Ryan Alexander-Tanner

I'VE NEVER BEEN in the military. It would have been a poor fit for me: I look bad in camo, and the idea of carrying a backpack with 80-plus pounds of gear in high heat sounds really bad. Plus, the whole killing/not being killed thing.

However, I have tremendous respect and awe for those who have enlisted and who serve their country in ways that many of us will never be able to begin to understand.

I'm a strong advocate for doing all we can to support returning veterans, especially when you consider what a pathetic job this country does in caring for them. Veterans have a much higher suicide rate than the civilian population. Many of those who commit suicide suffer from post-traumatic stress syndrome (PTSD), a severe mental health condition caused by experiencing or seeing a terrifying event. That doesn't mean watching Donald Trump have sex (although that may qualify). It's more frequently associated with things like natural disasters, terrorist attacks, and military combat.

There are not a great number of drug therapies for PTSD available, and what's out there doesn't always work terribly well. But there is something that does work, and it's—that's right!—cannabis. A number of studies, both domestic and foreign, show that THC and CBD have profound effects in treating PTSD.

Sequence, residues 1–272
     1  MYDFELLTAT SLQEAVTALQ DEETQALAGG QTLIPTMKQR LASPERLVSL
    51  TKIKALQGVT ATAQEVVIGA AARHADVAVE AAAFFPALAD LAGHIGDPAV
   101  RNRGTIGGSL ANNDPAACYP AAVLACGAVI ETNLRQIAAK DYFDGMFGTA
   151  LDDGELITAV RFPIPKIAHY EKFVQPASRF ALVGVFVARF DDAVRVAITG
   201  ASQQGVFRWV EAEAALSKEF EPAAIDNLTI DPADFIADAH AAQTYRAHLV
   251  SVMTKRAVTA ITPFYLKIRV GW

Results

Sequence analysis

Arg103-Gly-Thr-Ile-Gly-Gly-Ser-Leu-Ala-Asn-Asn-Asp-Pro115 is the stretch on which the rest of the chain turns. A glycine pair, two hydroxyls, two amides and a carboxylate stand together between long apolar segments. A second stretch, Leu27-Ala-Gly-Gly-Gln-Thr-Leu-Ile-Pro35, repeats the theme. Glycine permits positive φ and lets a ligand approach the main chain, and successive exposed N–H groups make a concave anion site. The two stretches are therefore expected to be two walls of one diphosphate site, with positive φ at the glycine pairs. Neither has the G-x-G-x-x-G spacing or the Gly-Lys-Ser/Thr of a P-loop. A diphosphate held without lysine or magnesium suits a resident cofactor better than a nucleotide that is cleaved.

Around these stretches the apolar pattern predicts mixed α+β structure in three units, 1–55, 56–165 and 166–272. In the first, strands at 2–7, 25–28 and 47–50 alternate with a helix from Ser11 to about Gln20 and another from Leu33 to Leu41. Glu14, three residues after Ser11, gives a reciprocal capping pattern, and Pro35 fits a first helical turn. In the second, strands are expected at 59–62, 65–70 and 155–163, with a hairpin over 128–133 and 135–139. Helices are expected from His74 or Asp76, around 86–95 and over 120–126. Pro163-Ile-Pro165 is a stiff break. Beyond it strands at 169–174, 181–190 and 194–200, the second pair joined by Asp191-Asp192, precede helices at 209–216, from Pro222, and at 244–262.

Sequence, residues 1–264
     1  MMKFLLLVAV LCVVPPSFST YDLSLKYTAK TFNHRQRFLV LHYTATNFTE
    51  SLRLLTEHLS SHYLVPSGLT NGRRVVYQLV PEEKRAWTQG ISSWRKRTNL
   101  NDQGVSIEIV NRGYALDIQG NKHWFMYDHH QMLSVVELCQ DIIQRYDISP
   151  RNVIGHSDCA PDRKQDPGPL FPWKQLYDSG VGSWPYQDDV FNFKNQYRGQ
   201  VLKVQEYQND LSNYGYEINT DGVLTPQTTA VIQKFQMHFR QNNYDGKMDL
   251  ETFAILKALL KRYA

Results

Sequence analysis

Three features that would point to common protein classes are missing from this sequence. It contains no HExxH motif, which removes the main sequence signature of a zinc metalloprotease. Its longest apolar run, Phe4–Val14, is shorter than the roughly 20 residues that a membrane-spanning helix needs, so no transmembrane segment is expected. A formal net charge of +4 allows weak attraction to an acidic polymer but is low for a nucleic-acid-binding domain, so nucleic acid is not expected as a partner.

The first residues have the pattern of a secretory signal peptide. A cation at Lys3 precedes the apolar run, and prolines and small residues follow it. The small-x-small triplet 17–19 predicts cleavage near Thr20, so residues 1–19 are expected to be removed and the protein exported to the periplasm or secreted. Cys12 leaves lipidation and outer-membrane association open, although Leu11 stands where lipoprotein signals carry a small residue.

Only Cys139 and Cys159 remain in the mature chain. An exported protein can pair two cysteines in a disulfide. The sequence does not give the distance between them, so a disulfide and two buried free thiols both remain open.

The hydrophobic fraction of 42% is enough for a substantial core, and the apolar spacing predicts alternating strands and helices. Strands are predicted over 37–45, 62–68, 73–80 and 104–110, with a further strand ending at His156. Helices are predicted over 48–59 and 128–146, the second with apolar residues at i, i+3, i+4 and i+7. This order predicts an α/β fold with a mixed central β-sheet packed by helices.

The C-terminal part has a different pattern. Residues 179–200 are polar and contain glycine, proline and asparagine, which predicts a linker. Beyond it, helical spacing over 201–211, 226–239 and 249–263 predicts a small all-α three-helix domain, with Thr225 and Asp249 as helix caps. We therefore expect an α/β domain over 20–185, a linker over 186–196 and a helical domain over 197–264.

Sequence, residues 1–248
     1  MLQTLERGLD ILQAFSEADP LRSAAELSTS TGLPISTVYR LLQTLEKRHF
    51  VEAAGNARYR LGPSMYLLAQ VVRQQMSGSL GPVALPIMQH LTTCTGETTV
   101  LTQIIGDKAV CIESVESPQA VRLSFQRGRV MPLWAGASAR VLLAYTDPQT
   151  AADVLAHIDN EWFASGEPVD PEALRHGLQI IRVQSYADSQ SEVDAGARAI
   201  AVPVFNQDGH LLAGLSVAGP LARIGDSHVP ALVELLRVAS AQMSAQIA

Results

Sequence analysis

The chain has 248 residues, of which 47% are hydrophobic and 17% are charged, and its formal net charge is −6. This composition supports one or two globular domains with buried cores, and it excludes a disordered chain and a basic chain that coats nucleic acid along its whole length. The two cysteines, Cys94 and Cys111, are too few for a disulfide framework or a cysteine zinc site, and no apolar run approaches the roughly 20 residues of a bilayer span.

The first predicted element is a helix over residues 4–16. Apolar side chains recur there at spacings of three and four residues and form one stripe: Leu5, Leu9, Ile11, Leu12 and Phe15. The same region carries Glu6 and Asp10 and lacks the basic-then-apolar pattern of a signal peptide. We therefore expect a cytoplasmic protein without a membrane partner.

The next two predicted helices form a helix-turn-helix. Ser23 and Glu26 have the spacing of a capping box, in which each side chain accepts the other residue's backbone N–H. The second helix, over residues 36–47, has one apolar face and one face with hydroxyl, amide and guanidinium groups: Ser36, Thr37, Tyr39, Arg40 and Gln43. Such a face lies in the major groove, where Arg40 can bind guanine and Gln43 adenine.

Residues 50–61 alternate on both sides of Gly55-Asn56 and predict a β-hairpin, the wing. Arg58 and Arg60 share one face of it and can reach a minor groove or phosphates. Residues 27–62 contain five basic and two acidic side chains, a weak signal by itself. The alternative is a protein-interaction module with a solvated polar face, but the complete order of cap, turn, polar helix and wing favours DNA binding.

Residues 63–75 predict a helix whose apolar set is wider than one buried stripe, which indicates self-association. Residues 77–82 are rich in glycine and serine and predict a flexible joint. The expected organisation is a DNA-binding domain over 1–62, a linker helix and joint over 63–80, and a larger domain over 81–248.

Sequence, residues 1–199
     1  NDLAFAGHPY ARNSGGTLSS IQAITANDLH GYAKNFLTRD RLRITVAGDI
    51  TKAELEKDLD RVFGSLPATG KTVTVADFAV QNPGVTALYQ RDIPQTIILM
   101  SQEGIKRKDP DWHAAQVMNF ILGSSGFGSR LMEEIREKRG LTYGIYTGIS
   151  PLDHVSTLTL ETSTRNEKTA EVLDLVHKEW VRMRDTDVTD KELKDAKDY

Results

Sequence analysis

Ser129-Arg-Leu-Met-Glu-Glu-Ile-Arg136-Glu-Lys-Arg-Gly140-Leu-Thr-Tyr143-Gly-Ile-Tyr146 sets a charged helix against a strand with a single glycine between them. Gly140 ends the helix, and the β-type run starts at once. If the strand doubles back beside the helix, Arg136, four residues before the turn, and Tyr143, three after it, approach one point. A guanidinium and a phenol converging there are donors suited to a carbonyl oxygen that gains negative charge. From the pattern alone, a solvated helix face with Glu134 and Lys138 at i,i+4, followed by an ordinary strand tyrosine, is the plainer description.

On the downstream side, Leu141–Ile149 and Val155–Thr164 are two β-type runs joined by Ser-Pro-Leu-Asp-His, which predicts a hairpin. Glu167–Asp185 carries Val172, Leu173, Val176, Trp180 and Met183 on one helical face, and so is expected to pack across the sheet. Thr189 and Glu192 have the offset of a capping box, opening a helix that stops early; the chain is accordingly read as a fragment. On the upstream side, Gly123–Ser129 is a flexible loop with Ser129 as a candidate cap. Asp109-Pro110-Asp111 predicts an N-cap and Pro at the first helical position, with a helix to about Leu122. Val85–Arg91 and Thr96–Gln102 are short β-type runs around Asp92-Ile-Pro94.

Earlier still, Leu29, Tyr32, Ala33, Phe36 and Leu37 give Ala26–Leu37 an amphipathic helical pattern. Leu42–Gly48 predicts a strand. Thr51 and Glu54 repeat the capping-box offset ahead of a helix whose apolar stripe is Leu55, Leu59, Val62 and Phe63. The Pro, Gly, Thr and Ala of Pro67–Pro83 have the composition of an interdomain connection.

How? PTSD sufferers have built up an "endocannabinoid deficiency," making bad things tough to forget. Martin Lee, director of Project CBD writes that "normal CB-1 receptor signaling deactivates traumatic memories and endows it with the gift of forgetting. But skewed CB-1 signaling, due to endocannabinoid deficits... results in impaired fear extinction, aversive memory consolidation, and chronic anxiety, the hallmarks of PTSD."

Of the 23 states that have medical cannabis programs, only five allow PTSD as a qualifying condition, according to the San Francisco Chronicle. Colorado recently rejected PTSD as a qualifying condition, the third time the state has done so. That means you can qualify if you have chronic pain, but not chronic nightmares, panic attacks, and/or insomnia.

Patients with PTSD report achieving significant relief using products with a ratio of 4:1 CBD/THC. That's easiest to get via edibles, including sprays and chews, which allow for a more precise crafting of exact ratios.

If you suffer from PTSD and are not living in one of the 18 states that allow you to try herbal relief, obtaining them makes you a criminal. Fistfuls of opiates are readily available, however, because... um... they just are, okay?

We are going to continue to send our young people to war. They are going to continue to get fucked up while there. The least we can do is provide them side effect-free treatments when they return. And if there is anything we excel at, it's providing veterans with the very least we can.